Is Historic Preservation Ready to Preserve Culture as well as Architecture?

Sustaining San Francisco's Living History by San Francisco Heritage

Sustaining San Francisco’s Living History by San Francisco Heritage

The fundamental boundaries of historic preservation have been significantly expanded by San Francisco Heritage, one of the country’s leading historic preservation organizations. In Sustaining San Francisco’s Living History: Strategies for Conserving Cultural Heritage Assets, they state that, “Despite their effectiveness in conserving architectural resources, traditional historic preservation protections are often ill-suited to address the challenges facing cultural heritage assets. . . Historic designation is not always feasible or appropriate, nor does it protect against rent increases, evictions, challenges with leadership succession, and other factors that threaten longtime institutions.”   In an effort to conserve San Francisco’s non-architectural heritage, historic preservation must consider “both tangible and intangible [elements] that help define the beliefs, customs, and practices of a particular community.” Did you notice the expanded definition?  Here it is again:  “Tangible elements may include a community’s land, buildings, public spaces, or artwork [the traditional domain of historic preservation], while intangible elements may include organizations and institutions, businesses, cultural activities and events, and even people [the unexplored territory].”

With many historic preservation organizations, it’s all about the architecture so protecting landscapes, public spaces, and artwork is already a stretch.  They’re often not aware that landscape preservation goes back at least a generation.  It was a new idea in the 1950s when the Accokeek Foundation preserved the view across the Potomac River from George Washington’s Mt. Vernon, but today it’s a familiar domain for historic preservation (although not always practiced).  Redefining historic preservation to include organizations, businesses, activities, and people will be difficult, but it also isn’t a new idea.  It has been codified in the international preservation field beginning with the Burra Charter in 1988 and thoughtfully explored in Place, Race, and Story:  Essays on the Past and Future of Historic Preservation by Ned Kaufman in 2009.  San Francisco Heritage is taking these academic and global ideas and applying them to their own community, and as we know, San Francisco is experiencing skyrocketing land prices that are forcing everyone but the wealthy out of town.  Although architecture may be preserved, it’s seriously eroding historical, social, and cultural fabric of the community.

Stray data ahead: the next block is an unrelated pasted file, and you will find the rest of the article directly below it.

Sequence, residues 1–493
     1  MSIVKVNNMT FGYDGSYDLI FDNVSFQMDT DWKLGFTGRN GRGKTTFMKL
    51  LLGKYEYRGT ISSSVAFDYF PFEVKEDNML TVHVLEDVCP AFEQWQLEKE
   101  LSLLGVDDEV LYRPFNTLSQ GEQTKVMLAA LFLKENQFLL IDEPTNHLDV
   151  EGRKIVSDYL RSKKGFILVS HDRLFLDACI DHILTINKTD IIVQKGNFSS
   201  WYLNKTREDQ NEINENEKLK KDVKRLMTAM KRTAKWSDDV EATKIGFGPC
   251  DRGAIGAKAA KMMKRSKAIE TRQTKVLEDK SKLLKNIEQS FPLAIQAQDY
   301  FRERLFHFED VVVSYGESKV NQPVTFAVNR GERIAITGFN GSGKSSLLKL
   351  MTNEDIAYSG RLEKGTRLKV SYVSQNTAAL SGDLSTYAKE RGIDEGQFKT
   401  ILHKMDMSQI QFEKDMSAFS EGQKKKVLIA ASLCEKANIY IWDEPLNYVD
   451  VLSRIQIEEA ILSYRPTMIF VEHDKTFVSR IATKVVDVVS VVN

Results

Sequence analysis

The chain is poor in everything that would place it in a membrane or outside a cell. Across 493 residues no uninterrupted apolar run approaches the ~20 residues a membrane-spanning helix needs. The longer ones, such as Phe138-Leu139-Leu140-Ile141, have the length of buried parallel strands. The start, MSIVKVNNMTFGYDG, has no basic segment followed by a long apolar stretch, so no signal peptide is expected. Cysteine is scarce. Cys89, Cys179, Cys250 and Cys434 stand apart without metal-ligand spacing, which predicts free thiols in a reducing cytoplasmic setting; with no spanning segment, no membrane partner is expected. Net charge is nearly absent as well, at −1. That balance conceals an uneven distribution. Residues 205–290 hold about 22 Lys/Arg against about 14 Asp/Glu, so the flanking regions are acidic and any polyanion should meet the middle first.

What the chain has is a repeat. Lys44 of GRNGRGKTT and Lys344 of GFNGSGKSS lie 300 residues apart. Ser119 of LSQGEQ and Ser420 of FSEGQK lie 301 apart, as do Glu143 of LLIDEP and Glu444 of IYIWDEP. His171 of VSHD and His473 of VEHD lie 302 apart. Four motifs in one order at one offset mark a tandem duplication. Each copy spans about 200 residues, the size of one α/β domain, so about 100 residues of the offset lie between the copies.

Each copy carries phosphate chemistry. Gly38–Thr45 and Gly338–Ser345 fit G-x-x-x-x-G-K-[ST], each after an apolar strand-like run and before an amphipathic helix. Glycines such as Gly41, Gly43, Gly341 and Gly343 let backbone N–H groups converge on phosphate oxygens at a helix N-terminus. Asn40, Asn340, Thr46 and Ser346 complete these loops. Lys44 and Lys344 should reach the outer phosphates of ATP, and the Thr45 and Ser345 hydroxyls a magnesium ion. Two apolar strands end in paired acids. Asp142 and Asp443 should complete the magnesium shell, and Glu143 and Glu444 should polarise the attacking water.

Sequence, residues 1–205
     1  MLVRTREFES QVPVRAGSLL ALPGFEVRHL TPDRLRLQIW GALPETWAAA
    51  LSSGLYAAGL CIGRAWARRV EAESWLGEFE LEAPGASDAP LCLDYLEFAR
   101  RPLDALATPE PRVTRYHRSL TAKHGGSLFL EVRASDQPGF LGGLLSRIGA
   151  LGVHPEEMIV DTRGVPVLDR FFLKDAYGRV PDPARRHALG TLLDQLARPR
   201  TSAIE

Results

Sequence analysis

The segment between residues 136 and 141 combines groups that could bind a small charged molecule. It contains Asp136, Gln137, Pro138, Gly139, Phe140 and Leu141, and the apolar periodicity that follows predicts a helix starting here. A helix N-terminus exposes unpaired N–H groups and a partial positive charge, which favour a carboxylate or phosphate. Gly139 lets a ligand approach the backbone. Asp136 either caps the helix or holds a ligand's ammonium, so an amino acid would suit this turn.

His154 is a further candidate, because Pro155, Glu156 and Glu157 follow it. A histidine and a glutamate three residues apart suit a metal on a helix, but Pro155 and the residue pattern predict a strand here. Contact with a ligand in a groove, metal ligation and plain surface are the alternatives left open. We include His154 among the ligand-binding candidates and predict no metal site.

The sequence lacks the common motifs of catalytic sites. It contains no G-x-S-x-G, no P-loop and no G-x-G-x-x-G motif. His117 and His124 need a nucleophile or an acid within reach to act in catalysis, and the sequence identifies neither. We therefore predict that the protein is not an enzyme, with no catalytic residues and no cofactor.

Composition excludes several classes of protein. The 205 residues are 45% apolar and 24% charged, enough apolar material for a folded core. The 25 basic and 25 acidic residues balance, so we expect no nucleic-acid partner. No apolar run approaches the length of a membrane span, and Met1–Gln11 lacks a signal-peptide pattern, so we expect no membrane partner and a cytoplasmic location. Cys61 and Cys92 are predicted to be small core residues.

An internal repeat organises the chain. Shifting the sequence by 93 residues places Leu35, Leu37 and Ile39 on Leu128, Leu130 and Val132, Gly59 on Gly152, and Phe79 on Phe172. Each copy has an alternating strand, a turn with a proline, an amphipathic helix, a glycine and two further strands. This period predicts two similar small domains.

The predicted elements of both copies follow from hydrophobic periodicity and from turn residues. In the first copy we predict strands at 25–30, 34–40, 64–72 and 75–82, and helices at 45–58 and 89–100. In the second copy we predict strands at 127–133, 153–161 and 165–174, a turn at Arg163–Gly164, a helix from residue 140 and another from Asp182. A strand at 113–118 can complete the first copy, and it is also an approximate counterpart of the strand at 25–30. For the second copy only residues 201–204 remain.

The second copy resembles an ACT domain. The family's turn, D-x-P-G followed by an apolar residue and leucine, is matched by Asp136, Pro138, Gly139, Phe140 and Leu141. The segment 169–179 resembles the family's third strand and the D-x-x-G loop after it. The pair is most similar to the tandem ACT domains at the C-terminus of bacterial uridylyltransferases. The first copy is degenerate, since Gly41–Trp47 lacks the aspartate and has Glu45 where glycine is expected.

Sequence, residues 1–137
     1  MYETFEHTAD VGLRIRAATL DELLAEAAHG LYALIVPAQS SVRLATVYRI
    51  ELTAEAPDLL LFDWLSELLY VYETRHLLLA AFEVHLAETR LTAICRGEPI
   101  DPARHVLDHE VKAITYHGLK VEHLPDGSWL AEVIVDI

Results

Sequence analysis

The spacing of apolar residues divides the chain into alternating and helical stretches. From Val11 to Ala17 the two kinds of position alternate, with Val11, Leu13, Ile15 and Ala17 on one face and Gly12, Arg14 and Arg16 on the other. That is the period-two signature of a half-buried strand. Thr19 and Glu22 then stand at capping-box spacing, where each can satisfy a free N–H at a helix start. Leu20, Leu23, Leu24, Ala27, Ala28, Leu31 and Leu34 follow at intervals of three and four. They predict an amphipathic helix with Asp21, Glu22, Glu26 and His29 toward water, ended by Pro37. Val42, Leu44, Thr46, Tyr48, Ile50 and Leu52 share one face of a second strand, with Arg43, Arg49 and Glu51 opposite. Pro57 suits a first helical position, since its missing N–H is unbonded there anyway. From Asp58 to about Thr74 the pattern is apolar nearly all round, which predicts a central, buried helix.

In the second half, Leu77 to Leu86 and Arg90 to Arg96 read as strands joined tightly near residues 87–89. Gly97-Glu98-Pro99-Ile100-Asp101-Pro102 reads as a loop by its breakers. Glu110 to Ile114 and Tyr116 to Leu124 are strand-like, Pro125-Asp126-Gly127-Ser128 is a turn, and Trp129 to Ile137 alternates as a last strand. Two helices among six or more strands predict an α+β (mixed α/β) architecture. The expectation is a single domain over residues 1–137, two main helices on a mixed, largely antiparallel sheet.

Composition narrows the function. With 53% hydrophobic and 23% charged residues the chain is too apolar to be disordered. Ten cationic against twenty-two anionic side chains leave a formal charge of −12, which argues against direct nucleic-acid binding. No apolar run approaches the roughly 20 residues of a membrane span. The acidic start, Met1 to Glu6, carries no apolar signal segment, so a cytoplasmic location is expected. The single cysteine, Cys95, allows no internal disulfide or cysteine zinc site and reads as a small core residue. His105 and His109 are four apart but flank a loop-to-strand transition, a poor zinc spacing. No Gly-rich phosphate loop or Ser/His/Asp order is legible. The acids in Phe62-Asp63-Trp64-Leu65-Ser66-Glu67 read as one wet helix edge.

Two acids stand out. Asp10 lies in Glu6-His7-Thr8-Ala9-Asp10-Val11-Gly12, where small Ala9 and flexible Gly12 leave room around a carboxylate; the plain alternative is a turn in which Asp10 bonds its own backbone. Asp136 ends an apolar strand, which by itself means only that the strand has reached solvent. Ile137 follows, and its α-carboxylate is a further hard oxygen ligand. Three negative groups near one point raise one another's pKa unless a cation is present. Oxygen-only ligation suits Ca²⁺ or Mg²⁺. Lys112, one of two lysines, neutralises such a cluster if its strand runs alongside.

Supporters of Marcus Books rally to save the historic business, a cornerstone of San Francisco’s African American community. Photo by Steve Rhodes/Flickr.

Supporters of Marcus Books rally to save the historic business, a cornerstone of San Francisco’s African American community. Photo by Steve Rhodes/Flickr.

Some may feel this work is beyond the responsibility of historic preservation, but I continue to be concerned that preservation’s primary mantra is based on economics and finances.  Historic preservation and heritage tourism do play an important role in economic revitalization, but it’s not the only role.  Indeed, there are many reasons to preserve history.  Tom Mayes, deputy general counsel at the National Trust for Historic Preservation, recently shared his personal reflections on the value of old places, including learning, creativity, sacredness, design, history, beauty, identity, memory, continuity, and sustainability.  Many of these values can be just as easily applied to organizations, businesses, activities, and people as they can to architecture and landscape, so why shouldn’t our thinking about historic preservation be holistic and ecumenical as well?

Next week preservationists around the country will meet in Savannah, Georgia for the National Preservation Conference and it’ll be interesting to see how they respond.  By their nature, preservationists are continually pulled in many directions–tradition and innovation, commercialization and interpretation–and my sense is that lately they’ve been more concerned with economic sustainability than culture and history.  They may find Sustaining San Francisco’s Living History to be irrelevant, inappropriate, or innovative, but I’m hoping it’s the latter.

To learn about the public reaction to Sustaining San Francisco’s Living History, see